Recent clashes in Jerusalem’s Sheikh Jarrah neighborhood, which saw verbal confrontations between Jews and Palestinians devolve into throwing chairs and stones prompting police intervention, feel all too reminiscent of what preceded Operation Guardian of the Walls in May 2021. At the center of it is MK Itamar Ben Gvir of the Religious Zionist party, whose efforts to assert Jewish sovereignty in the area simultaneously aim to weaken the authority of the Jewish state and its government by inflaming tensions.

Ben Gvir is the leader of the Otzma Yehudit (Jewish Power) faction, the ideological successor to Kach, the party of the late Rabbi Meir Kahane, which was banned from the Knesset due to racist anti-Arab views and support for Jewish terrorism. He arrived in the neighborhood on Sunday to establish a “parliamentary office”—a tent with a table and a sign—in response to a recent arson attack targeting the Sheikh Jarrah home of the Yoshvayevs, a Jewish family living in an otherwise fully Palestinian section of the area. This is not the first time Ben Gvir set up shop in the neighborhood; he previously did so when the Sheikh Jarrah crisis was at its apex in May 2021. This time, Ben Gvir has vowed to remain in the area until Israel stations permanent security forces at the Yoshvayev residence to prevent further terrorist attacks.

This is not the first time the Yoshvayev family has been the target of Palestinian terrorism; Tal Yoshvayev has had to replace his car nine times in the past few months in the wake of anonymous firebombing attacks. But ensuring the security and well-being of Jewish residents is not Ben Gvir’s sole interest in Sheikh Jarrah. On Sunday, Ben Gvir and his cadre of far-right activists gathered in front of the house belonging to the Palestinian Salem family, who are facing eviction next month. This was likely a major factor in motivating Palestinian counter-rioters and exacerbating already heightened interethnic tensions in the neighborhood.

The legal owner of the Salems’ property, where they have lived since the 1948 war, is now Jerusalem city councilmember Yonatan Yosef, who purchased the rights to the property from its previous Jewish occupants. Prior to the Jordanian conquest of East Jerusalem and subsequent expulsion of Jews in 1948, Sheikh Jarrah had two Jewish communities known as Shimon HaTzadik and Nahalat Shimon. As Evan Gottesman explained amid last May’s crisis surrounding potential Sheikh Jarrah evictions, a 1968 Israeli law allows Jews to reclaim property in East Jerusalem that they lost in 1948. 

Given Ben Gvir’s open support for stripping Arabs throughout Israel of political rights, his outpost in Sheikh Jarrah in the face of a soon-to-be-evicted family is far more nefarious than a statement of solidarity with Jewish residents in the face of terrorism. It is an overt provocation to galvanize the extremist fringes of Israeli and Palestinian society.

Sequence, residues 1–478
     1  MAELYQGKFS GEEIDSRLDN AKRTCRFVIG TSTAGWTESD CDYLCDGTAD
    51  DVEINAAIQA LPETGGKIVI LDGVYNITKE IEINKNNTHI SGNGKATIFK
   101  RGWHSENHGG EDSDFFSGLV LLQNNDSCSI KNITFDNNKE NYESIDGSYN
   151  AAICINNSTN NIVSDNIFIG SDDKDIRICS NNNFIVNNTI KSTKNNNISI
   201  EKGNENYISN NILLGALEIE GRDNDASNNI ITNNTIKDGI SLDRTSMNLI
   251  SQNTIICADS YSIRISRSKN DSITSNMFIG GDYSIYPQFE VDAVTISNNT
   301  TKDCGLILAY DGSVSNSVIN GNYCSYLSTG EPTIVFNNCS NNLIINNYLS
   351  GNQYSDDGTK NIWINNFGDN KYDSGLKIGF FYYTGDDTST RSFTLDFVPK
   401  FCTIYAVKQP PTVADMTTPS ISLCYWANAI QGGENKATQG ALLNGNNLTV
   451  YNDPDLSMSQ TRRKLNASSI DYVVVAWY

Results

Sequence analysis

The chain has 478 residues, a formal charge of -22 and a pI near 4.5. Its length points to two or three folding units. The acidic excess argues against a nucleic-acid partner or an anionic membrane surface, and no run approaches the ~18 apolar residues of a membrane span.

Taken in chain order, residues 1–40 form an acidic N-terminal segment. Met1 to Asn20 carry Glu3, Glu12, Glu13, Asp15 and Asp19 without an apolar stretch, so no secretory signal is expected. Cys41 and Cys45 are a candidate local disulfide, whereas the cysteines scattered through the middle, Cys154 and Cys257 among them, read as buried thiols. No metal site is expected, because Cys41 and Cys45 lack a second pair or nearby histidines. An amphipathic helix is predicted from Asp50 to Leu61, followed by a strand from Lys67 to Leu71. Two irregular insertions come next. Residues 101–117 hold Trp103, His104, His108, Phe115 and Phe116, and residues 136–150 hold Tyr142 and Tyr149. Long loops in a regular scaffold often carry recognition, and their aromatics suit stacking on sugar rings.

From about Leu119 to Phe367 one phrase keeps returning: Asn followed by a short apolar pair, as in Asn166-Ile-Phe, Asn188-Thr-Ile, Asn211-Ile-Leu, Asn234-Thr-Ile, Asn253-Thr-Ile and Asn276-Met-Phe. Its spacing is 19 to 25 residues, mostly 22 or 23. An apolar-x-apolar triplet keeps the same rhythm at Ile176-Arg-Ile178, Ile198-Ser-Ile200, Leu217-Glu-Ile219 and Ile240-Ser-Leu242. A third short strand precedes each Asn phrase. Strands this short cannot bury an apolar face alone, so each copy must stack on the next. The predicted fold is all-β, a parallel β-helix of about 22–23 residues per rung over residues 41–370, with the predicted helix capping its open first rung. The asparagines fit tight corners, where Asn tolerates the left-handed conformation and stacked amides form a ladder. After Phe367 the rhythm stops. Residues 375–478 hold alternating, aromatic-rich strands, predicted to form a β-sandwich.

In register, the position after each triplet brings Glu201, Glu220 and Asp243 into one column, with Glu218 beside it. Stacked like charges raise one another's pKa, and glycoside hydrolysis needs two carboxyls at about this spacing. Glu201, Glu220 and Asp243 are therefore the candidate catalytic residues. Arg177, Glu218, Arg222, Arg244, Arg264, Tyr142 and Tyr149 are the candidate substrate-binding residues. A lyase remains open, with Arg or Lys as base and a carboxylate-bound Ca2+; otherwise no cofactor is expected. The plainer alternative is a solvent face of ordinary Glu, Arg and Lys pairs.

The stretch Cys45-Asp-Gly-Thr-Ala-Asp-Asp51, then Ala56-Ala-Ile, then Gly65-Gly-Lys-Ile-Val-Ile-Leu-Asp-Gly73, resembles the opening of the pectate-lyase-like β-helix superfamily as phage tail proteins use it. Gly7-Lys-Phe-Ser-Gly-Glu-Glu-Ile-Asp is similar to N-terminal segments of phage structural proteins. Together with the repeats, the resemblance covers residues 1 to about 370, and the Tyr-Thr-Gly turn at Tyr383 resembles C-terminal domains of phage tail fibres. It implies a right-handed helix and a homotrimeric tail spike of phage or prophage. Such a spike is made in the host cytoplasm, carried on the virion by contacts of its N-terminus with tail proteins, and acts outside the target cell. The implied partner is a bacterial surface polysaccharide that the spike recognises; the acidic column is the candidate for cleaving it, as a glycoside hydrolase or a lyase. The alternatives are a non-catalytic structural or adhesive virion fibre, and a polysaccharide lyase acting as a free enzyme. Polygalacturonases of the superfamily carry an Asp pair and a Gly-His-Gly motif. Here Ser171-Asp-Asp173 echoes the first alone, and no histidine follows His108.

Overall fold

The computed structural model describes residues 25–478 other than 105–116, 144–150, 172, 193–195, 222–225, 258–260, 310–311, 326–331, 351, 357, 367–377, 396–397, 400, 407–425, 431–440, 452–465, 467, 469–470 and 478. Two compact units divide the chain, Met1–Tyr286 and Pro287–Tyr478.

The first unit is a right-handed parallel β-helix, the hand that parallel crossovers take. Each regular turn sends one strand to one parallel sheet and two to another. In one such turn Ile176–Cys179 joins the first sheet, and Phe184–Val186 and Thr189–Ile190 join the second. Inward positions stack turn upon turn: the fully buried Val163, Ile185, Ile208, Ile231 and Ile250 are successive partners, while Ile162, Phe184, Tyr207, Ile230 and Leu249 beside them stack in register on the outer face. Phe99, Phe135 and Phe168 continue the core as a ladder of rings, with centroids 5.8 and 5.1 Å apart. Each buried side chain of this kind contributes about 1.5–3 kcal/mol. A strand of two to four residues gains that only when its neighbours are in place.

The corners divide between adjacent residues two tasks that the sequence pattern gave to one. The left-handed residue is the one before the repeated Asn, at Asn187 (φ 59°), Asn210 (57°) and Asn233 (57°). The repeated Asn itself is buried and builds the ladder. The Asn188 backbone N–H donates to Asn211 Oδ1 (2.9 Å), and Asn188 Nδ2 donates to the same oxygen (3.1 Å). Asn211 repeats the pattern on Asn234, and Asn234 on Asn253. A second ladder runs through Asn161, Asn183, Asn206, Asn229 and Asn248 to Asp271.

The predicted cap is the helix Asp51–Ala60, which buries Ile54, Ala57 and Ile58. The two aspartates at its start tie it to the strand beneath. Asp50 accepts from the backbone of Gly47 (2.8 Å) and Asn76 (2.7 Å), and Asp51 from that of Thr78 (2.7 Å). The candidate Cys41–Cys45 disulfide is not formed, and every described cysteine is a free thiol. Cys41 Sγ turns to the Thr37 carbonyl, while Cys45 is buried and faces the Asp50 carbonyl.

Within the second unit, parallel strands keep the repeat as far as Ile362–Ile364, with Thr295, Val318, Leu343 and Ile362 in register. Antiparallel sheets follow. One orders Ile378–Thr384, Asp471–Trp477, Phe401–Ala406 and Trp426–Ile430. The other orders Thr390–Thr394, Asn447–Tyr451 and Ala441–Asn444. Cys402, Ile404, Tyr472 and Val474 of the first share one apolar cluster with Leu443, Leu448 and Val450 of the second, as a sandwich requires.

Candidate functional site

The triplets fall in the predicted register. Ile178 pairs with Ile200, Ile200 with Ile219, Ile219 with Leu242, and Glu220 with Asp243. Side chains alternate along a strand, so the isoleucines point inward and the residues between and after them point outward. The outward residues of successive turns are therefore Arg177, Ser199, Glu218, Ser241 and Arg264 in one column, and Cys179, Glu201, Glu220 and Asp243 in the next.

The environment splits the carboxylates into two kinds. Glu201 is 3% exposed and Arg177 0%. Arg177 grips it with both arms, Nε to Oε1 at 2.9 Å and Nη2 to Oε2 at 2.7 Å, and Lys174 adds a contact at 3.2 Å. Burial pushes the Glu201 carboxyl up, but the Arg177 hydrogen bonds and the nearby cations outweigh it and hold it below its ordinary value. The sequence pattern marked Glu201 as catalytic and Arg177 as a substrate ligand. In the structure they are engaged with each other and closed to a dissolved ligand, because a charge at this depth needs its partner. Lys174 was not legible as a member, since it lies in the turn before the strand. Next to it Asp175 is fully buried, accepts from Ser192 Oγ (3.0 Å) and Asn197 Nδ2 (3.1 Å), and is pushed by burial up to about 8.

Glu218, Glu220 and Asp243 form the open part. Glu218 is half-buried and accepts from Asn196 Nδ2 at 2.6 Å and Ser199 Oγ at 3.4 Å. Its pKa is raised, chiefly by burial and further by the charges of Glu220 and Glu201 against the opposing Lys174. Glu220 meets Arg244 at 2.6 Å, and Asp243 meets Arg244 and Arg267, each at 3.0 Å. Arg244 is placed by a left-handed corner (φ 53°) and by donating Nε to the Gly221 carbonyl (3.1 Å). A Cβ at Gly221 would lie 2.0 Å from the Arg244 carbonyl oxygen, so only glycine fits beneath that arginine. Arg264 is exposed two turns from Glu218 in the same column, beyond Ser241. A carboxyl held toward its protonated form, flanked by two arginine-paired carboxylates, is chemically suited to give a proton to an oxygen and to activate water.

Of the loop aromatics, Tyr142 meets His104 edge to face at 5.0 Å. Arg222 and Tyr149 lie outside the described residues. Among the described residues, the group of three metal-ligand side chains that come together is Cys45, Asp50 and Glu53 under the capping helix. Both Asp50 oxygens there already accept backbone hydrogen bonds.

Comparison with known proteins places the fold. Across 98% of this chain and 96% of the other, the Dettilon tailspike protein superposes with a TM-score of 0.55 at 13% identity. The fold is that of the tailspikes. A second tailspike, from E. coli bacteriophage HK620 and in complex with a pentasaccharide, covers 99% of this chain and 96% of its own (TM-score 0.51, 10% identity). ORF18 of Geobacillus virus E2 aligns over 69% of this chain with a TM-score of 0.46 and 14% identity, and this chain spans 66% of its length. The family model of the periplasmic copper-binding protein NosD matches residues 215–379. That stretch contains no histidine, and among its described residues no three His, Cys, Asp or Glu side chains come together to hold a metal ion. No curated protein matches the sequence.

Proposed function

This is evident in the roster of notable figures drawn to Sheikh Jarrah in Ben Gvir’s wake. Joint List MKs Ahmed Tibi and Ofer Cassif, the latter of whom is the only Jewish member of the predominantly Arab bloc and both of whom represent the opposite fringe of the political spectrum from Ben Gvir, arrived at the scene to support Palestinian rioters. They were seen scuffling with right-wing Jerusalem Deputy Mayor Arieh King and the Jewish rioters, prompting police intervention. Several other MKs also came to Sheikh Jarrah, including Shlomo Karhi, Amir Ohana, and Yoav Galant of Likud, who had come to pay a visit to Ben Gvir’s “office” in support of his activity.

Israeli police attempted to dismantle Ben Gvir’s tent and clashed with his right-wing supporters into Sunday night. Ben Gvir tweeted a video of himself fainting while pushing through a group of police, though a report from a police officer suggested that Ben Gvir was responsible for escalating the violence. After receiving care at Hadassah Ein Kerem Medical Center, he returned to Sheikh Jarrah the next day, accusing Public Security Minister Omer Bar Lev of ordering police officers to attack him. 

Ben Gvir’s previous stint in Sheikh Jarrah also played a major role in stoking tensions at the time, to the point where then-Prime Minister Benjamin Netanyahu asked him to dismantle his office outpost at the behest of the Biden administration. The Otzma Yehudit leader, whose Knesset seat he has Bibi to thank for, complied.

The difference this time is that Ben Gvir is no longer allied with those in power. Prime Minister Naftali Bennett and Foreign Minister Yair Lapid have both condemned his actions and openly chastised him as a provocateur. As tensions in the holy city rise ahead of Pesach, Ramadan, and Easter this spring, the Biden administration has also urged Israel to take steps to prevent the situation from further deteriorating, far earlier than it did in 2021, in order to avoid a repeat of the violence last May.

But Ben Gvir has no incentive to comply with requests to leave and to de-escalate the situation. It is in his interest to stoke extremism between Jews and Palestinians while presenting himself as the defender of Jewish claims in the neighborhood, all while flouting the authority of the Bennett-Lapid government and creating a mess that they will inevitably have to clean up. 

While it is yet unclear how the current crisis in Sheikh Jarrah will develop, a senior Israeli diplomatic official warned that it could once again spark a larger-scale confrontation with Hamas in Gaza. Hamas spokesperson Muhammad Hamadeh already warned of retaliation if Ben Gvir’s provocations continue. While Sheikh Jarrah may already be a tinderbox ready to ignite in another round of Israeli-Palestinian violence, Ben Gvir’s actions suggest that he will willingly lend a hand to light the match.